test parameters, but EPA should further assess the capability of test labs to control fuel
moisture to the limits in the proposal, and if they are not achievable, promulgate a range that
is achievable.
One of the challenges of the original NSPS was to certify appliances tested at low heat
outputs so that the appliance operates cleanly during overnight burns and when mild
temperatures require lower heat demands. These concerns remain relevant today and we
support the proposed retention of low burn rate testing at the current threshold.
Cord Wood Testing/In-use Challenges
Many factors affect how well a NSPS certified appliance operates in the home and
how much smoke it emits. Differences in fuel species affect emissions. Differences in how
well the wood is seasoned and stored affect the fuel moisture and emissions. Individual flue
installation circumstances as well as the outside temperature and wind speed and direction
affect how well a natural drafting cord wood heater functions.
Very importantly, how the appliance is operated and maintained affects emissions; as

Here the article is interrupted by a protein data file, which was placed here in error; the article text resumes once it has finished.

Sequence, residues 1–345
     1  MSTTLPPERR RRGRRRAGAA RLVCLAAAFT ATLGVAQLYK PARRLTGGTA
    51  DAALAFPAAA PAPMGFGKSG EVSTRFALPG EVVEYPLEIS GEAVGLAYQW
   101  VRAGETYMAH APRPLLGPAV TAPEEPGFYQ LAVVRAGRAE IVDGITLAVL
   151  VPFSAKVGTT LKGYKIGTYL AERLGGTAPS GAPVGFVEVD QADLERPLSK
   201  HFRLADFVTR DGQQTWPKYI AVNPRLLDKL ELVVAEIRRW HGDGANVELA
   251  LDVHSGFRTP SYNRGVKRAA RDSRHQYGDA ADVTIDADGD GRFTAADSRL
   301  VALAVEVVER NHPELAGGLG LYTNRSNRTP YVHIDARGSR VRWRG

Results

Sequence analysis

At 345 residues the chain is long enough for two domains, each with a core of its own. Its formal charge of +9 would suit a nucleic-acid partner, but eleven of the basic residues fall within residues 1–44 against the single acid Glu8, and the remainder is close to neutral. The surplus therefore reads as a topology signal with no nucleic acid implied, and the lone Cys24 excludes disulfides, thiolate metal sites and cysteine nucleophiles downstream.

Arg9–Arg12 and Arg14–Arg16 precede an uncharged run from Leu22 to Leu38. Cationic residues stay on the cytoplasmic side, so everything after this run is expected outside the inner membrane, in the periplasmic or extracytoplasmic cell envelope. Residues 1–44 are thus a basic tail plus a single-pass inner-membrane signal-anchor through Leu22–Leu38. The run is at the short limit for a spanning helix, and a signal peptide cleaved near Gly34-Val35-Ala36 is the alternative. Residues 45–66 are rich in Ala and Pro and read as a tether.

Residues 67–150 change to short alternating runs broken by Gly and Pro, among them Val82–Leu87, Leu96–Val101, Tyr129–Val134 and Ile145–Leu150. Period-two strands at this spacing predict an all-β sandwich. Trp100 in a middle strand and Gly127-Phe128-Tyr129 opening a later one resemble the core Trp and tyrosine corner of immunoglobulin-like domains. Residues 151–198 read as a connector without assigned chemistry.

when a non-catalytic stove is operated at a low heat output in which secondary combustion
technology designed into the stove is not functioning to burn the smoke; or when a catalyst
equipped stove is operated with an ineffective catalyst that needs to be replaced.
To address poorly performing or maintained NSPS certified appliances, we
recommend that EPA establish in-use visible emission limits for them. What is needed is a
practical method, with reasonable limits on the amount of time visible emissions are allowed
to account for conditions like appliance start-up and re-fueling for hand fed cord wood
burning devices. Method 22 is the most appropriate in-use compliance technique for this